Medicare’s introduction in 1983 meant Australian citizens and permanent residents were entitled to subsidised health care, as well as free treatment in public hospitals.
Since that day, 40 years ago, Medicare has been fairly steady – until recently. There’s been talk of a co-payment, there’s been talk of privatisation. And on the latter topic, Prime Minister Malcolm Turnbull is wanting to reassure Australians it will never happen… ever.
This is despite there already being a plan in motion to outsource the Medicare payments system.
The ABC reports since 2014, the Government has been considering privatising Medicare, as a way of modernising the system and saving money.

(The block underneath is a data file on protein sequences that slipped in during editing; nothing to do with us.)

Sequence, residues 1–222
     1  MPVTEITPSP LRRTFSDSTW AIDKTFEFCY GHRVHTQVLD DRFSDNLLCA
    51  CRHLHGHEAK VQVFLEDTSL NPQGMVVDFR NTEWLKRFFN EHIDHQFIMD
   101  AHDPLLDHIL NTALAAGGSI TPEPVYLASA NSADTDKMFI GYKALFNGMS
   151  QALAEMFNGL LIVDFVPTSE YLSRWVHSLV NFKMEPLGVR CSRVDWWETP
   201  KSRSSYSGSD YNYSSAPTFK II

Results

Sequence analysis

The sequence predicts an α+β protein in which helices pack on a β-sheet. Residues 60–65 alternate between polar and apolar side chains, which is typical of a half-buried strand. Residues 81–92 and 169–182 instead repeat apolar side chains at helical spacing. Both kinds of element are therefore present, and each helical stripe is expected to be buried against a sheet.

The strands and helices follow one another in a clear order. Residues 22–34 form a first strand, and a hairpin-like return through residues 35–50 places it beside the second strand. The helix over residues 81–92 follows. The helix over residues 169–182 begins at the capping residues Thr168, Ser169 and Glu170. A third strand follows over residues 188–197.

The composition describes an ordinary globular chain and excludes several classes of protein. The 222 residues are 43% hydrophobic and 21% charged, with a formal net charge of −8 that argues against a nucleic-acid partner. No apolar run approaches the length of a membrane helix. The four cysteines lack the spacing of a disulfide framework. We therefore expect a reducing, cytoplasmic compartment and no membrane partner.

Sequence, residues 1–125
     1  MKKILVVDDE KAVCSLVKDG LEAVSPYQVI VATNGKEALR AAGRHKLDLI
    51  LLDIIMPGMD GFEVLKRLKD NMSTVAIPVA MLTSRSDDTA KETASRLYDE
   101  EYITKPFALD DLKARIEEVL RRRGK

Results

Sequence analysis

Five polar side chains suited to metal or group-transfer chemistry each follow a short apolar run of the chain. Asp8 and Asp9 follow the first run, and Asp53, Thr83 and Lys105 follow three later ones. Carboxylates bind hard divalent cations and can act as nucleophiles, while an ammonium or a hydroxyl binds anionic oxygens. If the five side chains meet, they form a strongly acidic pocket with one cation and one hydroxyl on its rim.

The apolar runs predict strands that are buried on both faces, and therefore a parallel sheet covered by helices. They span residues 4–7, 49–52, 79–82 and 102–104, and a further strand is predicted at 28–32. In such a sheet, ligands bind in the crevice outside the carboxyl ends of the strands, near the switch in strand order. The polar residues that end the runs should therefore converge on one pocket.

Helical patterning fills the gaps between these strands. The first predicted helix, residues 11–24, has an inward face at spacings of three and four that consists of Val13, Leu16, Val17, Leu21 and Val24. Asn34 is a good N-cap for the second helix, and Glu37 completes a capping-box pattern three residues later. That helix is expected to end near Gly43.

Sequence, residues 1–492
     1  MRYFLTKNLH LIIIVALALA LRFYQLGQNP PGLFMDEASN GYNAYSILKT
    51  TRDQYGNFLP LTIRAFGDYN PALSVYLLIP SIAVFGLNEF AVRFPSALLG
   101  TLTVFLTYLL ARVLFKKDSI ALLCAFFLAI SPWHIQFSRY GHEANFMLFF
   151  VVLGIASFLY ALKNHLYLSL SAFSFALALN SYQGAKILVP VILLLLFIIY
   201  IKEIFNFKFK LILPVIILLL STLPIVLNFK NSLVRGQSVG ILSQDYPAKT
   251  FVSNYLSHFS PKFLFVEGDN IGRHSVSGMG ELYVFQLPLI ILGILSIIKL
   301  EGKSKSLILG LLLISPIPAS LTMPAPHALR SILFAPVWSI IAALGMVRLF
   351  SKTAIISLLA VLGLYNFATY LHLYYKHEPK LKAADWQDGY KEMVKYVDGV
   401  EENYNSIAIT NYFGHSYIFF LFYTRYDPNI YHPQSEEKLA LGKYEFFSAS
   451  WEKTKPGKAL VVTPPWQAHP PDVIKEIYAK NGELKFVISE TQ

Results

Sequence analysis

As recent TV ad campaign starring former prime minister Bob Hawke warning against privatisation has drawn the ire of the PM.
In the ad, Mr Hawke says “You don’t set up a Medicare privatisation taskforce unless you aim to privatise Medicare”, and “Help Bill Shorten and Bill Shorten stand-up to protect Medicare. Which means protecting you and your family”:
Mr Turnbull said the campaign was “disgraceful” and Medicare would “never ever” be privatised under his Government.
Mr Turnbull on Saturday ruled out Medicare becoming private.
“Every element of Medicare, every aspect of Medicare that is delivered by Government today will continue to be delivered by Government in the future, full stop,” he said.
“Medicare will never, ever, ever be privatised.
“It is a core Government service.”
Labor agrees. On Friday, Opposition Leader Bill Shorten said the payments system was “the heart of the Medicare system” and it should not be privatised.